Under £200 this scope cannot be beaten. If you have the budget, go for the 200p dobsonian, or the eq 5 explorer 200p.

Happy viewing, clear skies :)
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on 4 April 2012
Received this scope as gift from my wife and given that she knows nothing of telescopes or astronomy I was a little skeptical of the likel capabilities of this Newtonian scope. I was very wrong. As an entry level scope I would have no problem recommending this product to someone putting a toe into the water for the first time.

My initial experience of astronomy was as a teenager in the 1970s using an old army surplus aircraft spotting scope - 2.5 inch refractor. Ever since then I've debated getting back into the hobby but time and expense as usually formed a significant hurdle to overcome. Since taking delivery of the Skywatcher I find myself looking at the weather forecast checking for clear night skies.

Features:
The equitorial mount with its motorised RA drive works well.
The eyepieces supplied do a good job of providing a wide range of magnifications.
The general quality of the optics seem to be excellent value for money.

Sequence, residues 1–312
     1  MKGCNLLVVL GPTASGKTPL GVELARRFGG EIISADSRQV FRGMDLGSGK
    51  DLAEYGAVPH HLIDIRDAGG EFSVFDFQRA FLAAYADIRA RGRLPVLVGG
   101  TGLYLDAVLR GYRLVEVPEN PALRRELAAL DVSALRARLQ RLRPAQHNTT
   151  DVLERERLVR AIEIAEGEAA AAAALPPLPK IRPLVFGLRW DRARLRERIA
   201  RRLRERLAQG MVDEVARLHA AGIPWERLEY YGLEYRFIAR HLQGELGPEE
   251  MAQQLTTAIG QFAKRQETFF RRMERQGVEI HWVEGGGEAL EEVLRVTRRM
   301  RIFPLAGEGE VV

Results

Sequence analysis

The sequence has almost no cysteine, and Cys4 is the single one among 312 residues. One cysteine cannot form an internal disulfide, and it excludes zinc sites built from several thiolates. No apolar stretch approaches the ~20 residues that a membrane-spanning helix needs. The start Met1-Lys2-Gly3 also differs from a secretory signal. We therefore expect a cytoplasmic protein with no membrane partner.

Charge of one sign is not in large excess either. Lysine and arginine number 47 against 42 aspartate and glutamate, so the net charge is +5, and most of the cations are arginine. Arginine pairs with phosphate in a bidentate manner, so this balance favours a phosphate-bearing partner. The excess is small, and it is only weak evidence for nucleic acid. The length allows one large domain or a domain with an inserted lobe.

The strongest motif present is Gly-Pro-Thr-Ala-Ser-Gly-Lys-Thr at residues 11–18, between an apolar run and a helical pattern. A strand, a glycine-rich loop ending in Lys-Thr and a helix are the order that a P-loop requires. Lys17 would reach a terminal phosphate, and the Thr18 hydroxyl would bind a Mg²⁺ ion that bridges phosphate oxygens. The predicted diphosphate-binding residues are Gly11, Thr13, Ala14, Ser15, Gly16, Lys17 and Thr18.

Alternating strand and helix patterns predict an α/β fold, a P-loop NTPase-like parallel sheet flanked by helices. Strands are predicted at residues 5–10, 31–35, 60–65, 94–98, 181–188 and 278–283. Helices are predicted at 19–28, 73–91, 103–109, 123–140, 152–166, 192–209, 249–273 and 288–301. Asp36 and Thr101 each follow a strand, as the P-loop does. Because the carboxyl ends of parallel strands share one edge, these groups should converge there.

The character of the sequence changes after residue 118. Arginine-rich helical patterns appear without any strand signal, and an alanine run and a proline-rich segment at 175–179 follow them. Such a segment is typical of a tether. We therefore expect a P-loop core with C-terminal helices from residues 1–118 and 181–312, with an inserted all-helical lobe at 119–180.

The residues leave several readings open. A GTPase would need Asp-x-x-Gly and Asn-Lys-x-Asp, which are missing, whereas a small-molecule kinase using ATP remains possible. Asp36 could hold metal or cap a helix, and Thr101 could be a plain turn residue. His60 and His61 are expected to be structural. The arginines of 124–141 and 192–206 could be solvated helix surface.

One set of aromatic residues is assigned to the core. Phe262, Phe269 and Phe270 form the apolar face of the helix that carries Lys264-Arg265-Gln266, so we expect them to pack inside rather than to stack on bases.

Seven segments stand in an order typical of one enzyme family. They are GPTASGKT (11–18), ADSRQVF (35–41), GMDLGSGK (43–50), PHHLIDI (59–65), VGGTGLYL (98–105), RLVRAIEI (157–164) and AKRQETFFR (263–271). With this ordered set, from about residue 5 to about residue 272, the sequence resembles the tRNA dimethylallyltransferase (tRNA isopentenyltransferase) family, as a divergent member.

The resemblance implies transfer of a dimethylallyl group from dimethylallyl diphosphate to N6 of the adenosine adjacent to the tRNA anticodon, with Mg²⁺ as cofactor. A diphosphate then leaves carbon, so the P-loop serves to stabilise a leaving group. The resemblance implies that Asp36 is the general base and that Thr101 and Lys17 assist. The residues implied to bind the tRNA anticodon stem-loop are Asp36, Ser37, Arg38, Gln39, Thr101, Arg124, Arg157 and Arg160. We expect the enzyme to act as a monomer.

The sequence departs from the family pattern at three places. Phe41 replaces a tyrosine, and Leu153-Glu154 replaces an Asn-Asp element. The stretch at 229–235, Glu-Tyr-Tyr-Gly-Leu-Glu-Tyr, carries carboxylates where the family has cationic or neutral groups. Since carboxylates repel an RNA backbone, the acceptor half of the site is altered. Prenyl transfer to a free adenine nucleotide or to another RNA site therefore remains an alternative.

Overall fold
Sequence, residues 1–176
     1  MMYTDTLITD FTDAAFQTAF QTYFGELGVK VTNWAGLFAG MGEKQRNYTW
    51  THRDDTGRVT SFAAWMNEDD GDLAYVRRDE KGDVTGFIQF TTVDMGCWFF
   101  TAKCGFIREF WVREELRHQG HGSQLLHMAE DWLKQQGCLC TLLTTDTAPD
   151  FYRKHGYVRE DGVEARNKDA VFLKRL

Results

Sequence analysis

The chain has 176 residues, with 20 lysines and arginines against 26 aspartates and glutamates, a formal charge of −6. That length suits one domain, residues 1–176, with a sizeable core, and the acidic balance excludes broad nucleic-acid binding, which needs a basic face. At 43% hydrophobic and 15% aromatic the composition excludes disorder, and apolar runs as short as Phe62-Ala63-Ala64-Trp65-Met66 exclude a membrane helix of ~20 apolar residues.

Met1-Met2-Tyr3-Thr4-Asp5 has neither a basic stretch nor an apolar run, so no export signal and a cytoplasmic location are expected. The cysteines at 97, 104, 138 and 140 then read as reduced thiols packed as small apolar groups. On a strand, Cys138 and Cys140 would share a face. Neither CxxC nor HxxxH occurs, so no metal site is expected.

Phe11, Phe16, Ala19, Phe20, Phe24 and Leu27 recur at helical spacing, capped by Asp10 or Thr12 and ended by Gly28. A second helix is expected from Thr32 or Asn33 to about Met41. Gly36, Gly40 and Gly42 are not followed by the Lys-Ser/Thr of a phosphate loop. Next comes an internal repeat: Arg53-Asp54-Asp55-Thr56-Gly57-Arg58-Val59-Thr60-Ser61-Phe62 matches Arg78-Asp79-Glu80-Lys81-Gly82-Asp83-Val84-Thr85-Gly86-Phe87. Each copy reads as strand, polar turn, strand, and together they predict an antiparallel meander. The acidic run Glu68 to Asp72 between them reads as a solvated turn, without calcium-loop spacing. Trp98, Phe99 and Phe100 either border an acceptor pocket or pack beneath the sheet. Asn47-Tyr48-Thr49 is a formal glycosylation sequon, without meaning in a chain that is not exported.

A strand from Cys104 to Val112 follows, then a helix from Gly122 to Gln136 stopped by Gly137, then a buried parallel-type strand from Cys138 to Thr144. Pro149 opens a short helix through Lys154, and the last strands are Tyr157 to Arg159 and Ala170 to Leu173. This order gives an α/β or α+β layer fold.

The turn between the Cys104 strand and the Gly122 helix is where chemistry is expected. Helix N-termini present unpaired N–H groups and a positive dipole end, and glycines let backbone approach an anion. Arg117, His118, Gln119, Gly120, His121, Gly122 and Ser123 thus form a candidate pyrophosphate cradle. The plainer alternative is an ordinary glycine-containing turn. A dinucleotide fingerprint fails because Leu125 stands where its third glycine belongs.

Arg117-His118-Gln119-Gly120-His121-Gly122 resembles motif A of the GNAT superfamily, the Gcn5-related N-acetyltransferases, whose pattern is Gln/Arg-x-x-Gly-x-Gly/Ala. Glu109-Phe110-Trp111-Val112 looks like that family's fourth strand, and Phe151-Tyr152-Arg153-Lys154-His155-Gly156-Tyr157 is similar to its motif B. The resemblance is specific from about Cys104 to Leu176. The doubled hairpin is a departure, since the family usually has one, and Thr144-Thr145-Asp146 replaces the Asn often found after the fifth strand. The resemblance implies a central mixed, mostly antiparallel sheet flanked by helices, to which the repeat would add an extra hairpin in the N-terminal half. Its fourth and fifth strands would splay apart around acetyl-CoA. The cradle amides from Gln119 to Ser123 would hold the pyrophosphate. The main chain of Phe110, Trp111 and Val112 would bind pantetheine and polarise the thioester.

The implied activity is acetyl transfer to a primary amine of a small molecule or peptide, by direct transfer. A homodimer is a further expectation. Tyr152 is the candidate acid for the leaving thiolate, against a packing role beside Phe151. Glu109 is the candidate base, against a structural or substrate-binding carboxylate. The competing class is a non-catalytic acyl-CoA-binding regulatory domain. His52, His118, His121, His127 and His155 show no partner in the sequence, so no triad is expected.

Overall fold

Finderscope is a 'red dot' finder. Since taking delivery of the scope I have replaced this with a more conventional 6x30 finderscope which fitted onto the existing mounting with the minimum of fuss.

Downsides:
Polar alignment without a built in alignment scope is not as easy it could be.

I have also started down the road of astrophotography using a DSLR camera inconjunction with the telescope. Early days but it looks promising.
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on 20 January 2014
Im new to this fabulous hobby of astronomy after receiving this item like the previous post it comes with eq2 mount not eq3-2 and red dot finder not 6x30 scope amazon ammended there spec after I notified them but apart from all that for less than £200 when you see the quality it looks like a £500 kit it is truly worth every penny , set up in under 20 mins , clear instructions and very well packed on my first viewing of the moon I was truly amazed at the clarity and looking foward to clearer sky to see the true power of this beginners scope.
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on 19 September 2013
The Skywatcher Explorer 130mm Reflector is my first telescope and I am not disappointed.

I bought this after reading the review from the The Sky at Night magazine so a nod from Sir Patrick is good enough for me.

Set up took less time than I thought and setting the sighting scope in daylight proved easy.

I was lucky to have a clear night with a full moon on my 24hrs and was blown away by the detail on the moon then on a star cluster.

I now look forward to many chilly nights learning more about the night sky and how to get most out of the telescope.

Recommend.
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on 30 November 2014